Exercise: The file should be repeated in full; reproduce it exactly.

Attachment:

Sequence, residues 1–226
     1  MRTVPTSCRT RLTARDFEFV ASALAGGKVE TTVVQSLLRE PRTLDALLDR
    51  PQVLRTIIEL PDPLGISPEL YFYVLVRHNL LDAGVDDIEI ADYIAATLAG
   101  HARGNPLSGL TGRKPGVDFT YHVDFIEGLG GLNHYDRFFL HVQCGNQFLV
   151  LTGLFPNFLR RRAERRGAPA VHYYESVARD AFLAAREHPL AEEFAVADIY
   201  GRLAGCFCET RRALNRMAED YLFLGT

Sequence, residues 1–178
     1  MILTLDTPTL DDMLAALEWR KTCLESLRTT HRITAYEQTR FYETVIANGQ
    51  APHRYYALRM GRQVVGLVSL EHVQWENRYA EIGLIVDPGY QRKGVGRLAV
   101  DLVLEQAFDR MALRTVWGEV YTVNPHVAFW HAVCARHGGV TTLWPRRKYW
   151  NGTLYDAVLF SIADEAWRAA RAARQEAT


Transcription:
Sequence, residues 1–226
     1  MRTVPTSCRT RLTARDFEFV ASALAGGKVE TTVVQSLLRE PRTLDALLDR
    51  PQVLRTIIEL PDPLGISPEL YFYVLVRHNL LDAGVDDIEI ADYIAATLAG
   101  HARGNPLSGL TGRKPGVDFT YHVDFIEGLG GLNHYDRFFL HVQCGNQFLV
   151  LTGLFPNFLR RRAERRGAPA VHYYESVARD AFLAAREHPL AEEFAVADIY
   201  GRLAGCFCET RRALNRMAED YLFLGT

Sequence, residues 1–178
     1  MILTLDTPTL DDMLAALEWR KTCLESLRTT HRITAYEQTR FYETVIANGQ
    51  APHRYYALRM GRQVVGLVSL EHVQWENRYA EIGLIVDPGY QRKGVGRLAV
   101  DLVLEQAFDR MALRTVWGEV YTVNPHVAFW HAVCARHGGV TTLWPRRKYW
   151  NGTLYDAVLF SIADEAWRAA RAARQEAT